Multi-national oil giant Exxon has failed to pay any company tax in Australia for several years, disguising its profits behind an opaque corporate structure that funnels money to tax havens.
An ACTU submission to the Senate Inquiry into Corporate Tax Avoidance draws on new and existing research to show the effect of the company’s alleged revenue theft on Australia’s schools, hospitals and the NDIS.
Beyond the avoidance of corporate tax, the submission reveals that Exxon pays less Petroleum Resource Rent Tax (PRRT) than its partners BHP on joint ventures in Bass Strait.
Highly conservative figures contained in the submission show that the forgone tax revenue the company funnels offshore through an opaque network of companies in the Netherlands and the Bahamas would:
- Treat 76,000 people in public hospitals
- Educate 5500 public high school students
- Support 1685 Australians with disabilities through the NDIS
Exxon’s alleged revenue theft is possibly worse than that of US company Chevron, which lost a landmark case to the tax office in 2016 over its use of holding companies and related-party transactions to avoid paying Australian company tax.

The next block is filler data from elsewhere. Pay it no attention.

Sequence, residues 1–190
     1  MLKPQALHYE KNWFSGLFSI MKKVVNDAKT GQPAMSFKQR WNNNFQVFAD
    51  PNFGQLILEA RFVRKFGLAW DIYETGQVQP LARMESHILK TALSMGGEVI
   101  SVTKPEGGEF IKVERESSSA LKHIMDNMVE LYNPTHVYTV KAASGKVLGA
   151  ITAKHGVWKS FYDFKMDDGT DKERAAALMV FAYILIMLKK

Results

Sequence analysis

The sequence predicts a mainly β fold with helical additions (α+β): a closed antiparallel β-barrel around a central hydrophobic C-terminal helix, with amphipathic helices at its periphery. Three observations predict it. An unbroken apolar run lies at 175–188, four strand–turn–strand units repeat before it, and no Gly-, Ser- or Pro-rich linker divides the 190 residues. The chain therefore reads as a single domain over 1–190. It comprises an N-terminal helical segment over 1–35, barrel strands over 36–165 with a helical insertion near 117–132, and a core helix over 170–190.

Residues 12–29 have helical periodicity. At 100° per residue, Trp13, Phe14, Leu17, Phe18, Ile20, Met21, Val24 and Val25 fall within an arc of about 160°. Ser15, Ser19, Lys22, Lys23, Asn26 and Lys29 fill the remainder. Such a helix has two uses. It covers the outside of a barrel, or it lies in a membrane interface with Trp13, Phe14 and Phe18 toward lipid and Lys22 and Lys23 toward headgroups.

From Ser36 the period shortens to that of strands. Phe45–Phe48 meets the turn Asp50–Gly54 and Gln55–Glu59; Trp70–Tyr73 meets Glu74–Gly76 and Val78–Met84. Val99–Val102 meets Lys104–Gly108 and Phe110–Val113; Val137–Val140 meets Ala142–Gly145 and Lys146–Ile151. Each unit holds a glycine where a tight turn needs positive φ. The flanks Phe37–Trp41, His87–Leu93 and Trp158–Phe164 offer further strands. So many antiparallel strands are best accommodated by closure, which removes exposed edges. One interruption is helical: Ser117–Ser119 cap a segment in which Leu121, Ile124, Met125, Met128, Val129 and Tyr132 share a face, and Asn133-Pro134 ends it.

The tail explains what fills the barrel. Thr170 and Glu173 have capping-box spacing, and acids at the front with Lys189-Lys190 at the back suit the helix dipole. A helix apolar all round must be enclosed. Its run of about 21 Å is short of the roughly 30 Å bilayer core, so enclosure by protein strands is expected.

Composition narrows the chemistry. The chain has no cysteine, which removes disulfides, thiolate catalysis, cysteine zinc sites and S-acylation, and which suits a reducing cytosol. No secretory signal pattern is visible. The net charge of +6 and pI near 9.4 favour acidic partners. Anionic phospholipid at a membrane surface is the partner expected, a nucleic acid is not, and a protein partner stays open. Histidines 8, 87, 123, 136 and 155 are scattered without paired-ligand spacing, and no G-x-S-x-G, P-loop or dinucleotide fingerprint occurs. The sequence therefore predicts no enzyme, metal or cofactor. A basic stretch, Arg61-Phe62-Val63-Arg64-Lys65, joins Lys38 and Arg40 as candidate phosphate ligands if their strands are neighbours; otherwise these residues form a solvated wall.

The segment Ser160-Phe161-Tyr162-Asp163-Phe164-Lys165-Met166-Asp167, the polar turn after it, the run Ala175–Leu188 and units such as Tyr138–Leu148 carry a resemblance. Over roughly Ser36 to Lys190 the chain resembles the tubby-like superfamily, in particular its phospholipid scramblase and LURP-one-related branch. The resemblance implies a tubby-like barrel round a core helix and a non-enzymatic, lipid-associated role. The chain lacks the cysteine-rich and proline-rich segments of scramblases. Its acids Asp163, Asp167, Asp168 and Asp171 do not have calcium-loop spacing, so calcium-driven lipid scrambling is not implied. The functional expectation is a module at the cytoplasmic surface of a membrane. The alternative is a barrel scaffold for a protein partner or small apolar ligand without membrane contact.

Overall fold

The suspected revenue theft occurs as the company attempts to drive down wages at its Esso Longford operations in Victoria.
The ACTU has launched robo-calls and advertisements in key marginal seats calling on elected representatives to make Exxon accountable for its tax affairs.
Quotes attributable to ACTU Secretary Sally McManus:
“Exxon pays no company tax despite billions in revenue, and is also finding ways to avoid paying a fair share of public royalties for the gas they extract. They’re funnelling billions away from Australian schools and hospitals and into offshore bank accounts.
“Why isn’t the Turnbull Government making it a priority to make Exxon pay their fair share of tax so all Australians benefit? Instead it is pursuing $65 billion in corporate tax cuts so even more companies pay no tax.
“If reduced company tax is supposed to drive wage increases, then workers at companies like Exxon should be seeing massive wage increases, but the opposite is occurring. Exxon is cutting working people’s wages while paying no tax. Evidently, the rate of tax a company pay doesn’t have an impact on how it treats its workers, or what they are paid.
“Cutting taxes to big business doesn’t raise pay; pay goes up when we have rules that make companies give workers their fair share of their profits. We need to change the rules so working people can win pay rises again.”